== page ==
John Garland Coates
July 20, 1928 – March 28, 2021
John Garland Coates, a longtime resident of Haywood County, died on Sunday March 28 in Winston-Salem, where he had lived for the previous five years. He was 92 years old.
He was born in Caldwell Parish, Louisiana, on July 20, 1928, to Lonnie Lee Coates and Rosa McDaniel, one of seven siblings. As a boy and youth there, he was known as Garland. After he came to Haywood County, those closest to him, including his wife, Reba Lambert Coates, called him Coates, as if it were a first name, for reasons now unknown. In Louisiana, his family made a living as tenant farmers and schoolteachers. His mother died when he was 4 years old, and he was raised in part by Good Aunts.
Immediately after graduating from high school, he joined the United States Merchant Marine, in which he served during the final months of World War II. He was proud of the global travels that period afforded him. Later, he served in Korea with the United States Army, and for long afterward was a master sergeant in the North Carolina National Guard.
Garland first came to Haywood County with his close friends Harold Crawford and Russell Deaver from the Merchant Marine. It was there he met Reba, whom he first saw as a student waiting for the school bus, and it was there he stayed. For all his remaining life, he truly loved Western North Carolina, for its beauty and for the grace and generosity of the people who lived there. To the great grief of Garland and all her family, Reba died in the year 2000.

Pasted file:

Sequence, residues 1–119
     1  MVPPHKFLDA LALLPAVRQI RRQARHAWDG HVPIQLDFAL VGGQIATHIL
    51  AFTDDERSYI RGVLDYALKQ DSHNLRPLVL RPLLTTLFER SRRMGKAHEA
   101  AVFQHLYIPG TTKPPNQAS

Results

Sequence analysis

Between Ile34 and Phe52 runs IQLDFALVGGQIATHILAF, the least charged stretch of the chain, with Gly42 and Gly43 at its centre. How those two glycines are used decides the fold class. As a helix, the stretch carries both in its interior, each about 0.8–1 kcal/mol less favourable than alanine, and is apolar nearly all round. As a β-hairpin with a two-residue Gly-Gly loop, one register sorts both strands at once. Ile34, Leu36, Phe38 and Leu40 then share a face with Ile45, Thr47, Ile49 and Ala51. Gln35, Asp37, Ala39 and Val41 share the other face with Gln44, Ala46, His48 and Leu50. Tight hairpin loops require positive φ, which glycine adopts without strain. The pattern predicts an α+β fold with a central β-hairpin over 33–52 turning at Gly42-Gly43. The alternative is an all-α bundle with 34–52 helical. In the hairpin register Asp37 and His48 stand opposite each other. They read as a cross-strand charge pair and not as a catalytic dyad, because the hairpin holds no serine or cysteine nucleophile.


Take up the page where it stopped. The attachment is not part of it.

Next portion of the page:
Garland spent his working years as a highly skilled engineer at Champion International paper plants in Canton and Waynesville. He could install, operate and maintain any piece of complex heavy machinery devised by man. Another great specialty of his was helping people. He dedicated much of his life to voluntary service with the Haywood County Rescue Squad, of which he was a founding member. In fact, he nearly gave his life for it. In the mid-1970s he was left in a coma after being thrown from the rear of a careering ambulance during an emergency run. He survived, but his hearing was permanently damaged, which became a source of anguish later in his life. Garland didn't keep a record of all the lives he helped to save through the selfless work he performed with the Rescue Squad, but it was a great many.
Garland regularly attended the First Baptist Church in Hazelwood. He remained quietly reverent throughout his life. He was a decent, respectful and fair-minded man. He and Reba were never heard by their sons to slur or otherwise demean people of another race or nation, either casually or with hostile intent. The poverty and deprivations he had witnessed Koreans suffer during the war affected him for the rest of his life.
Garland was devoted to his extended family, and for his entire life made an effort to know and stay in contact with his far-flung siblings and his many nieces and nephews, often driving many miles to visit or offer assistance if necessary. He was especially close to and enjoyed visits from his nephew David Coates and his wife Kay, of Rusk, Texas.